Stare at this picture for a minute or so, and you’re going to swear someone put some undersized wheels and tires from a Toyota Tercel on this Camaro. We’ve become so used to cars having such large wheels, that our sense of proportions have become…changed. And we’ve become used to all the remaining F-Bodies on the streets sport big wheels. Which all explains why I stopped to shoot this Camaro, as it’s not the kind of car that would normally get me to do that. I just couldn’t take my eyes off its tiny wheels and tires, and smile as I shot.
Well, that and the fact that it brought back memories of one almost identical to it that I had as a rental car once.
I had forgotten that these Camaros still came with 14″ wheels, except for the Z28. But I had to walk across the street to convince myself I wasn’t seeing things, and to see the exact tire size: P205/70R14. Which is what it wore as it rolled off the factory floor. And that’s only by virtue of it being a Berlinetta, which was the high-end “touring car” version. The base Sports Coupe made do with narrower (6″) steel wheels and 195/75R14s.
Now don’t get me wrong; I’m not suggesting this is some kind of GM Deadly Sin like the truly undersized tires put on American cars in the 1960s. It’s just to point out how far we’ve come, considering the standard 18″ wheels on a base 2017 Camaro, and optional 19 and 20 inchers.
Let’s just say there’s plenty of daylight between the tops of these mini-donuts and the fender lips.
I somehow ended up with a Camaro very much like this on a business trip to Dallas. I was not expecting to be thrilled by it, and I was not let down. I will try to restrain myself for a change, and keep it objective, as I already vented my spleen on these on a Deadly Sin CC. And I got it out of my system, and I rather appreciate seeing one on the street in such original condition.
Obviously, the interior was a huge contrast from my Mercedes 300E; realistically, the quality of the materials were pretty much on polar ends of the spectrum. The Camaro had lots of nasty black plastic that I guess someone thought had a sort of spacey-80s look that looked cool in a properly-lit and shot ad photo, but in real life, close-up, it looked and felt really cheap and cheesy. And the panels on the various plastic pieces didn’t all fit quite right. It was more liek something one might expect in something like a Bricklin, or kit car. But maybe I’m starting to exaggerate already again.
Needless to say, this one is as nice of condition interior of one of these I’ve seen…forever. I have to assume this Camaro was bought by someone on the very old spectrum of Camaro buyer demographics, and ended up sitting in a garage a lot. And now a grandson or grand-nephew is driving it. There’s just no other explanation.
The Berlinetta (and my rental) came with the 2.8 L 60° V6 that was rated at a 112 hp. Let’s look on the bright side (for a change); at least it didn’t come with the 90 hp Iron Duke 2.5 L four, which was the standard engine in the Sports Coupe. Teamed with the three-speed THM automatic, the V6 was not exactly a fast car (see how positive I’m staying?). Tip in, as with all GM cars of the era, was pretty good, a combination of engines tuned for good low-speed torque and a throttle linkage that opened the two-barrel carb’s throttle plates disproportionately fast in the first part of the pedal’s travel.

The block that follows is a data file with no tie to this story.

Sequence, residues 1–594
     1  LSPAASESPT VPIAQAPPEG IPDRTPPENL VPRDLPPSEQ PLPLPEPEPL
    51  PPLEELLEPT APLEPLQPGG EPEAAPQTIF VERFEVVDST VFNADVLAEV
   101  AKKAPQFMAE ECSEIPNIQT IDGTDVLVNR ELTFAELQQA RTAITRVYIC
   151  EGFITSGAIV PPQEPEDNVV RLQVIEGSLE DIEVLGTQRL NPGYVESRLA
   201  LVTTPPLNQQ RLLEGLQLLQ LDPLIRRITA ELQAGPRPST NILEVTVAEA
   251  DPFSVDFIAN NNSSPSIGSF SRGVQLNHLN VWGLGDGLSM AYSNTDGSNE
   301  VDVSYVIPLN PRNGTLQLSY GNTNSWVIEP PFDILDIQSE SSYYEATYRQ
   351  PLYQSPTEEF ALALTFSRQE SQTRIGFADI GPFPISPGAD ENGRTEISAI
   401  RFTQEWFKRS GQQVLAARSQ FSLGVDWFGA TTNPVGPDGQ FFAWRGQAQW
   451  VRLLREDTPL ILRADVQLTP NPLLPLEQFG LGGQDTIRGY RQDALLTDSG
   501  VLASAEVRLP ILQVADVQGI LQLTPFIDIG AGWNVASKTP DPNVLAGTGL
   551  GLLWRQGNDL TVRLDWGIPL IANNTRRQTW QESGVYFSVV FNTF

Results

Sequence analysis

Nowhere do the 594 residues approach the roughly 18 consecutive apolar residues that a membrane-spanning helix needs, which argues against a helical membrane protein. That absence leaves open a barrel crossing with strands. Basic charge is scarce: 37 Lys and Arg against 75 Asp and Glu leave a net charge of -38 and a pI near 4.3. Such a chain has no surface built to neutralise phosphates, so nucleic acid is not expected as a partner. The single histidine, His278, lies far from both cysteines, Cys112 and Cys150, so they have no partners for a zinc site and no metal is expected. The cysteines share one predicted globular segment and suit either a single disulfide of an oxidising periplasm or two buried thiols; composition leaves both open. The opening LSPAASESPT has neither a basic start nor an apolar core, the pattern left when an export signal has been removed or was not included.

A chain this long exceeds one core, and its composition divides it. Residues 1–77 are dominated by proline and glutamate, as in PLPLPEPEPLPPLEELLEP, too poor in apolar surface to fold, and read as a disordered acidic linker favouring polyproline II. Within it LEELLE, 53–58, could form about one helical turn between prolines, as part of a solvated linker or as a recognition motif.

But once past 30 or 35, acceleration became increasingly leisurely despite the V6’s roarty exhaust. It’s as might be expected, given the very poor power-to-weight ratio (27lbs/hp). That’s substantially worse than a 1967 Camaro six (23lbs/hp). And the torque was even disproportionately worse, due to the significantly smaller displacement. At least the automatic now had all of three gears.
At freeway speeds, the V6 Camaro rental felt strained at anything above a relaxed 55-65 mph cruise, again the polar opposite of my 300E, loped along effortlessly at 110 and was willing to sprint to 140, despite having almost the same size engines. And then there were the brakes, and the ride, and the… OK; I realize this is a futile comparison, and the difference was of course accentuated given that I was stepping out of a tall, roomy sedan and into a low sporty car. But that just goes to show that appearances are of course deceiving, as have so many six cylinder pony cars over the years.
Opening the rear hatch to stow my luggage was a revelation, of the wrong kind: It was surprisingly small and shallow, thanks to the Camaro’s big live rear axle and fuel tank. That’s one thing that would have been undoubtedly improved if GM had made the FWD GM-80 cars to replace these. Space utilization just wasn’t.
No, I was not happy behind the wheel of that Camaro those few days in Dallas. Given the huge popularity of Suburbans and pickups in Texas already back then, sitting so low in it, and with its mediocre visibility, was something of a glimpse into the future, and not a good one.
But all that’s in the far past; except of course the part about tall CUVs and pickups. I’ve long needed to see this vintage Camaro in some positive light, and seeing it sitting there, on its original little wheels and with so much gap between the tires and fender openings, brought a big smile to my face. Which given the nasty weather and my history with these cars was no mean feat. Who would have thought that me, of all people, could find an F-Body Camaro to be so therapeutic?